In exceptional circumstances, the father may take over maternity leave if the mother:
- is unemployed
- abandons the child or dies
- is prevented due to serious illness
- is prevented because of serving a prison term
An employee who adopts a child is entitled to 8 months of paid leave, as long as the child is less than 5 years old. In cases of adoption before the child turns 3 months old, leave lasts until the child turns 11 months old.
The same applies to foster parents.
During adoptive or foster leave, parents are entitled to full compensation of their salary.
Bereavement Leave in Serbia
5 days of paid leave.
An employee is entitled to at least 5 days of paid leave due to the death of a close family member. A member of a close family includes: a spouse, a child, a sister, a brother, a parent, an adoptive parent, an adoptee, and a legal guardian.
Bereavement leave in Serbia is paid by the employer. An employee continues to receive their regular salary.
Jury Duty Leave in Serbia
Not specified by law.
Employees are rarely summoned to jury duty. Jurors in Serbia are mostly unemployed and senior citizens.
Military Leave in Serbia
Employees are entitled to unpaid leave for military service. The employees are entitled to their previous position, insurance, and all the other working benefits, during leave and for 15 days after the end of military leave.
Voting Leave in Serbia
Not specified by law.
Elections in Serbia are always on Sundays, so most employees are able to vote. For those who work on Sunday, there is sufficient time, as the polls are open from 8 a.m. to 8 p.m.
Other Types of Paid Leave in Serbia
Employees are entitled by law to paid leave of:
- 1 day a year for a celebration of family saint patron’s day (slava in Serbian). This tradition is unique to Serbia and entitles all Orthodox Serbs, who are the majority of the population.
- 5 days in case of their wedding.
- 5 days for the serious illness of a member of a close family.
- 2 days for donating blood (counting also the day of donating blood).
Public Holidays in Serbia for 2023
12 paid days of public holidays.
12 days of paid leave for public holidays.
Employees are entitled to 6 public holidays, but they last 12 days in total. This is because the following holidays last more than one day:
- New Year’s Day – 2 days
- Serbian Statehood Day – 2 days
- Orthodox Easter – 4 days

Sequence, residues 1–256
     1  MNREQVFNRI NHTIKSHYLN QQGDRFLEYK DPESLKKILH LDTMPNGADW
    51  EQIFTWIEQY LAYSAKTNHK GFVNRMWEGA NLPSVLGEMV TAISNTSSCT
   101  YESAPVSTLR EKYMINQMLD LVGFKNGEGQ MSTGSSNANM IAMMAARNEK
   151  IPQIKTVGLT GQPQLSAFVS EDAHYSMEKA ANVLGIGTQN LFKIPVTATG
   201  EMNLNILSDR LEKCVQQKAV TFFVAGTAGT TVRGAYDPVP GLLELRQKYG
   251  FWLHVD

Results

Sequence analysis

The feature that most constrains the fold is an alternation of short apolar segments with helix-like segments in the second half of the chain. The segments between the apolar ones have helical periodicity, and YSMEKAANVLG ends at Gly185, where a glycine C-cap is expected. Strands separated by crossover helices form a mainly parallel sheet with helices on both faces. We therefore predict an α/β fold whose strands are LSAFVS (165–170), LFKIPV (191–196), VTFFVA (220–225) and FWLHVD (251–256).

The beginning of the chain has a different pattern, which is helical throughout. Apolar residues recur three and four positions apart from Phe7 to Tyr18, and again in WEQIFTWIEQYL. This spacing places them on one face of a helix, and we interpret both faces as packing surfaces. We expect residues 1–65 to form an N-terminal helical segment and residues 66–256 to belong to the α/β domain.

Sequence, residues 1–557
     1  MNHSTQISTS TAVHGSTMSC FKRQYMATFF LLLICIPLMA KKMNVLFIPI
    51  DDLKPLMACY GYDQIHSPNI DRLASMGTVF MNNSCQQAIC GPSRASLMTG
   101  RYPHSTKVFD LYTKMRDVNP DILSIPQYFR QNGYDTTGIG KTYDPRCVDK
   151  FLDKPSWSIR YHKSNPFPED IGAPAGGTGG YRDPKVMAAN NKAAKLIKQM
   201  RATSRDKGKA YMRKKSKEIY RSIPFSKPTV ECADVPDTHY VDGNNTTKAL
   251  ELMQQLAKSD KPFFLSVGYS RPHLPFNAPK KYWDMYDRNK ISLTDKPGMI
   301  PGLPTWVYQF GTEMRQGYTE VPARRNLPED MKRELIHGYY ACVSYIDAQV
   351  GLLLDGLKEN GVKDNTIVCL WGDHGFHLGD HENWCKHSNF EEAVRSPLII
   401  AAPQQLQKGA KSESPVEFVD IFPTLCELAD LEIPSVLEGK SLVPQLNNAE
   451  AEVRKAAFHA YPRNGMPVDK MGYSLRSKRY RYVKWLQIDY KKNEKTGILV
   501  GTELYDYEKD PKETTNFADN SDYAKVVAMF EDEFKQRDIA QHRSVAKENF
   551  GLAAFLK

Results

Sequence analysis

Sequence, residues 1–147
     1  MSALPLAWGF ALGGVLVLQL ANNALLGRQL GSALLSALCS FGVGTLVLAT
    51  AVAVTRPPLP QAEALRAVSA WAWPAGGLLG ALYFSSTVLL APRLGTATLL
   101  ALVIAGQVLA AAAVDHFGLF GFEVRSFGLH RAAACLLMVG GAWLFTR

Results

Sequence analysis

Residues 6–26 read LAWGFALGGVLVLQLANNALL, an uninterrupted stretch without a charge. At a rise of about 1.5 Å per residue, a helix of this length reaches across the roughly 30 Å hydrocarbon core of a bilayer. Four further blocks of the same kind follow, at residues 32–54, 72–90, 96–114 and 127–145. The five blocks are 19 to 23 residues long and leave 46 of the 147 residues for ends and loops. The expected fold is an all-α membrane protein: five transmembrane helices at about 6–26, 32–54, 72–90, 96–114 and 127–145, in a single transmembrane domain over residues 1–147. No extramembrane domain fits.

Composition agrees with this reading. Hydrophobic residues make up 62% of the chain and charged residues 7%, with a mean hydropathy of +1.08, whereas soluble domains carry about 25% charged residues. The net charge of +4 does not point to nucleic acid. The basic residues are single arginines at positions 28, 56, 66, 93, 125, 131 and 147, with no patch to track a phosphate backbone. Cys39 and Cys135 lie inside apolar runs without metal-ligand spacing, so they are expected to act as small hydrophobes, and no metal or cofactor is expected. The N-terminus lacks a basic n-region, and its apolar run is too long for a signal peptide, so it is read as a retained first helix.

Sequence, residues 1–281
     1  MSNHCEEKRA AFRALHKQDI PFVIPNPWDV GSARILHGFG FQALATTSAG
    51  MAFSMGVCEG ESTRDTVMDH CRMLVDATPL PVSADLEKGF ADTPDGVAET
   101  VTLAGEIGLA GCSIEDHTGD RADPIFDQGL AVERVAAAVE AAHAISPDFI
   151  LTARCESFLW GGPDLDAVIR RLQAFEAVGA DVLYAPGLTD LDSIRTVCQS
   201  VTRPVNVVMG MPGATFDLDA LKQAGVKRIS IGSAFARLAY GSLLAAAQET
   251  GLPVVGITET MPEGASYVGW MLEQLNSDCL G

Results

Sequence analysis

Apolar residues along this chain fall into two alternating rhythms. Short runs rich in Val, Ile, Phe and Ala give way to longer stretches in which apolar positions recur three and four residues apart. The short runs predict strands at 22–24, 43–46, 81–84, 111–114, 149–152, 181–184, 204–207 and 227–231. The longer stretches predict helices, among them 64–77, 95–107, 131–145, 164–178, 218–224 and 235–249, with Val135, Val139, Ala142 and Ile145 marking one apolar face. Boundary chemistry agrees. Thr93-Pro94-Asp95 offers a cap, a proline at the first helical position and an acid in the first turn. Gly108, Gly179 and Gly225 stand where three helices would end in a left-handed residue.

- Labor Day – 2 days
A complete list of official holidays recognized and celebrated by Serbia in 2023:
|2 January *||New Year’s Day|
|3 January||Second Day of New Year’s Day|
|7 January **||Orthodox Christmas Day|
|15 February||Serbian Statehood Day|
|16 February||Second Day of Serbian Statehood Day|
|14 April||Orthodox Good Friday|
|15 April||Orthodox Holy Saturday|
|16 April ***||Orthodox Easter Day|
|17 April||Orthodox Easter Monday|
|1 May||Labor Day|
|2 May||Second Day of Labor Day|
|11 November||Armistice Day|
* If a public holiday falls on a Sunday, the next working day will be treated as a non-working day.
** If a public holiday falls on a Saturday, then that Saturday is considered a non-working day for all employees.
*** Four non-working days for Orthodox Easter are movable, and the dates vary every year.
Employees are entitled to additional paid days off during the following religious holidays:
Orthodox Christians: 1st day of Slava – the celebration of family saint patron’s day (see more above in Other Types of Paid Leave in Serbia)
Members of the Catholic Church or any other Christian communities: 1st day for Christmas (25 December) and 4 days for Catholic Easter
Muslims: The 1st day of Eid al-Fitr (Ramazanski bajram) and the 1st day of Eid al-Adha (Kurban-bajram)
Jewish community: The 1st day of Yom Kippur
Employees belonging to these religious groups are entitled to all standard holidays, as well as additional days that are unique to their respective communities.
- Official LABOR LAWof the Republic of Serbia, https://www.ilo.org/dyn/travail/docs/2403/Labour%20Law%20Republic%20of%20Serbia.pdf
- Annual leave according to the Labor law, https://pavleski-law.rs/en/labour-and-employment/annual-leave-according-to-the-labor-law/
- Is your employer allowed to order you to work on the day of your Saint Patron/ Krsna Slava?, https://gsm.legal/en/blog/is-your-employer-allowed-to-order-you-to-work-on-the-day-of-your-saint-patron-krsna-slava/
- Payroll and Benefits Guide Serbia, https://www.papayaglobal.com/countrypedia/country/serbia/
- Employment and Employee Benefits in Serbia: Overview, https://uk.practicallaw.thomsonreuters.com/8-633-9487
- 6. Pravo zaposlenih na odsustvo u dane praznika (Employees’ rights of leave for public holidays), https://www.paragraf.rs/100pitanja/posao/pravo-zaposlenih-na-odsustvo-u-dane-praznika.html
Updated: April 10, 2023
Check out our Leave Laws page to learn more about laws in various countries.
All materials have been prepared for general information purposes only to permit you to learn more about this region's leave laws. The information presented is not legal advice, is not to be acted on as such, and may not be current. Please contact your local legal counsel to learn more about the leave laws in your country.